A new study co-authored by researchers at Michigan State University and Case Western Reserve University found that “growth mindset interventions,” or programmes that teach students they can improve their intelligence with effort – and therefore improve grades and test scores – don’t work for students in most circumstances.
“This research is important because millions of dollars have been spent on growth mindset interventions in schools,” said Alex Burgoyne, a Ph.D. student studying cognition and cognitive neuroscience. “Our results show that the academic benefits of these interventions have been largely overstated. For example, there was little to no effect of mindset interventions on academic achievement for typical students, or for other groups who some have claimed benefit substantially from these interventions, including students facing situational challenges, such as transitioning to a new school.”
Published in the journal Psychological Science, the study comprises two meta-analyses, in which researchers aggregated and assessed the results of hundreds of previous mindset studies.
The mindset studies measured academic achievement using grade-point averages, course grades, course exams and standardized test scores, such as the SAT, from more than 400,000 students.
The first meta-analysis examined whether students’ mindsets were related to academic achievement.
“In the first meta-analysis, which included a sample size of 365,915 participants, we found that the overall correlation between growth mindset and academic achievement is weak,” Burgoyne said. “Furthermore, this correlation was moderated by age. That is, the relationship between mindset and academic achievement was stronger for children and adolescents than for adults.”
The second meta-analysis looked at whether growth mindset interventions increased academic achievement.
“In the second meta-analysis, which included a sample of 57,155 participants, we found that the overall effect of growth mindset interventions on academic achievement is small,” Burgoyne said. “Although our results do support claims that economically disadvantaged students or students at high risk of failing may benefit from growth mindset interventions, importantly, only a few studies contributed to those analyses, so they must be interpreted with caution.”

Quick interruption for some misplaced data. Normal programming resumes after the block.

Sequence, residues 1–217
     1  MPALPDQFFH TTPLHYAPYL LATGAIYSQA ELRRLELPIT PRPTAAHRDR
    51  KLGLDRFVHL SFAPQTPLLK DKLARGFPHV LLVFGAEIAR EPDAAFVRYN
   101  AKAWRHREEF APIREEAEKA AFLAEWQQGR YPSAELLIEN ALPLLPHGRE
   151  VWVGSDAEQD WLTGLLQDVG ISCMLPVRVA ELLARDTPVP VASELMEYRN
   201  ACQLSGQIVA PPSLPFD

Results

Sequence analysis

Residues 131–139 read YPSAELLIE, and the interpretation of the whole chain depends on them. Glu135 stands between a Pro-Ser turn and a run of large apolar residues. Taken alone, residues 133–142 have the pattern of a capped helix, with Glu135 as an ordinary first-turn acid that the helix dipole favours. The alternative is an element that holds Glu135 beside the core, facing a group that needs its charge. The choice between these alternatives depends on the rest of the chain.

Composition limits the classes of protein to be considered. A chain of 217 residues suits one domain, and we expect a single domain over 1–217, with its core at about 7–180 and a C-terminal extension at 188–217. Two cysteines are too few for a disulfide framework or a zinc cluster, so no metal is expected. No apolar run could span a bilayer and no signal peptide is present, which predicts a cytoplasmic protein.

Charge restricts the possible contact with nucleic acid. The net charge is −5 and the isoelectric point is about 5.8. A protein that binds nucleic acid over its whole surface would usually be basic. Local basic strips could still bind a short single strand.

According to mindset theory, developed by Carol Dweck, a psychology professor at Stanford University, students with growth mindsets tend to demonstrate more adaptive behaviours and psychological traits, such as resilience in response to failure, which in turn leads to greater academic achievement.
By contrast, people with fixed mindsets believe that traits can’t be improved with effort. The theory suggests that as a consequence, students with fixed mindsets are more likely to avoid difficult tasks and assume that failure is due to a lack of ability, resulting in worse academic performance.
“The popularity of growth mindset interventions is based on claims that we show, in part, are not supported by the available evidence,” said Brooke Macnamara, an assistant professor of psychological sciences at Case Western Reserve University. “It’s not the case that most students benefit academically from being taught growth mindsets. Yet, the impression given by commercial growth mindset programmes sold to parents and schools is that they will.”
According to the researchers, a number of the studies investigating the effectiveness of growth mindset interventions did not follow best practices for experimental research. For example, more than one-third of studies didn’t check whether the programmes actually influenced students’ mindsets. Of those that did, nearly half failed that check, indicating that the programmes didn’t successfully alter mindsets.
On average, academic achievement increased when the growth mindset programmes failed to change students’ mindsets and didn’t increase when the growth mindset programmes worked.
This implies the presence of something other than mindset causing these effects, Macnamara said.
“The evidence for growth mindset interventions improving academic achievement is not strong,” Macnamara said. “Future studies should focus on using the highest standard of research practices to test whether mindset interventions can consistently benefit any group of students and whether the benefit is substantial.”
Study co-authors are Victoria Sisk, Case Western Reserve University; Alexander Burgoyne, Michigan State University; Jingze Sun, Case Western Reserve University; Jennifer Butler, Case Western Reserve University; and Brooke Macnamara, Case Western Reserve University.